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PopEntertainment.com > Reviews > Movie Reviews > Sympathy for Mr. Vengeance

MOVIE REVIEWS

SYMPATHY FOR MR. VENGEANCE (2005)

Starring Song Kang-ho, Shin Ha-kyun, Bae Doo-na, Lim Ji-Eun, Han Bo-bae, Kim Se-dong, Lee Dae-yeon, Jeong Jae-yeong, Lee Kan-hie, Oh Kwang-rok, Ryoo Seung-wan and Ryu Seung-beom.  

Screenplay by Lee Jong-yong, Lee Moo-young and Park Ridame.

Directed by Park Chan-wook.

Distributed by Tartan Films.  122 minutes.  Rated R.

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Sympathy for Mr. Vengeance

After the surprise inroads that Park Chan-wook's violent fable Oldboy made last year -- winning the Cannes Film Festival and gaining the allegiance of fan-boy critics everywhere -- the first part of the director's "Vengeance" series is getting a belated release.  (It was released in Korea in 2002.)  Oldboy was chapter two of the trilogy -- the third part (which I've seen called both Lady Vengeance or Sympathy for Lady Vengeance) is just starting to make the festival rounds.

Calling it a trilogy from the two I have seen is taking the term very loosely -- other than the themes of retribution, the sordid and yet oddly beautiful Korean locations, the terribly bleak world-view and the grand-guignol violence the first two movies have no real common ground -- at least no recurring characters or locales.

Oddly, while Oldboy was clearly a better-made and superior movie, I probably enjoyed Sympathy for Mr. Vengeance a little bit more.  I know I'm going completely against the grain of most people who see these films, but particularly nice for me was that the oppressive and gruesome violence that suffused the other film does not really show up until the last 45 minutes or so -- although when it comes it is an avalanche of grotesquerie and blood.  Some people obviously enjoy this over-the-top mayhem, for me a little goes a long way and if you keep having "top this" moments of cruelty it eventually just becomes numbing. 

Which is too bad, because the storyline of the movie has all the makings of a great tragedy.  It starts with Ryu, a deaf and dumb factory worker with neon green hair.  His beloved, sainted sister is going through liver failure and is low on the list for a transplant.  Ryu can't give her his own because he has a different blood type.  Therefore Ryu does a desperate act, going to the black market and agreeing to give all his money and his own kidney to get the organ for his sister.  When he is ripped off by the criminals -- of both the money and his kidney, a legal kidney becomes available, but he no longer has the money to get it for his sister. 

He listens to his anarchist girlfriend (Bae Doo-Na), who suggests that the way to get the money is to kidnap the daughter of his former boss, Dong-jin (Song Kang-ho).  The boss is shown as an unfeeling, money-hungry man who does not care at all for his employees, as is vividly demonstrated on film.  The two kidnappers will take wonderful care of the girl, not only not hurting her but making sure she has more fun with them than she would at home.  They will only ask for a small amount that is needed for the operation.  The rich guy will never miss the money but it will save them.  It will be the perfect crime.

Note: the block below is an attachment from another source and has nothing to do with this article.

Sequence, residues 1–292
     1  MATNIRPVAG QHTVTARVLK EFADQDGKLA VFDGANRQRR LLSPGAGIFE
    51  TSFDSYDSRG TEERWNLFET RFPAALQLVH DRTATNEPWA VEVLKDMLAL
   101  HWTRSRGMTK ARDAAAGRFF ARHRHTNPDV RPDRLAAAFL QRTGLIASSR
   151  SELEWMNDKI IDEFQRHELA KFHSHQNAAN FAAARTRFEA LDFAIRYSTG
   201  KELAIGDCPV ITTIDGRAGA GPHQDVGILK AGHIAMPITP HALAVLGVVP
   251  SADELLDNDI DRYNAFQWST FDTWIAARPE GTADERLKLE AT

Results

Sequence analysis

Of course, perfect crimes never turn out that way.  A tragic accident and a suicide changes everything and suddenly the movie shifts into revenge mode.  Ryu is hunting the black market dealers who stole his money, his organ and destroyed his life.  At the same time, the boss is following him to avenge his daughter. 

All of the earlier tragic events that befall these characters suddenly get swallowed up by unreasonable revenge plots in which all the characters end up being destroyed one way or another.  Therefore, any sympathy that we may have been able to build up for these characters -- one man loses his daughter, another one has a dying sister -- fades away when you see the horrific acts that they are capable of.  Everyone may have good reasons, but they still do awful, inhuman things in the name of these fine reasons.

Director Park Chan-wook has an interesting, evocative visual style, though he does more than occasionally throw in weird shots and angles -- apparently for no other reason than because he can.  He also will throw needlessly eccentric characters into the mix for no particular reason, one that comes to mind immediately is a mentally challenged and physically handicapped man who lurches into a few scenes by a lake for no particular reason other than to be yet another obstacle. 

The writer-director also has a worldview which is so harsh and so jaded that it can be a little hard to stomach.  The tragedies in this movie are in biblical, Shakespearean proportions.  No one, even the peripheral characters, are allowed more than a moment of happiness, and even those appear hollow and empty.  Instead, most of the people in Park Chan-wook's world traffic in torture, depravity and unspeakable anger. 

There are no winners in this story, nobody who makes it out unscathed, in some way or another every major character has to pay for their mistakes and the cruelty of fate.  If this is the way that you view the world, then Sympathy for Mr. Vengeance (we never really know if Mr. Vengeance is supposed to be Ryu or Dong-jin, though I suppose that was supposed to be the point) will be stunning and arresting theater.  For the rest of us it is a technically accomplished and beautifully moody work that is too disturbing to look at as the real world.   (12/05)

Jay S. Jacobs

Copyright 2005   PopEntertainment.com.  All rights reserved.  Posted: December 9, 2005.

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Copyright 2005   PopEntertainment.com.  All rights reserved.  Posted: December 9, 2005.

 

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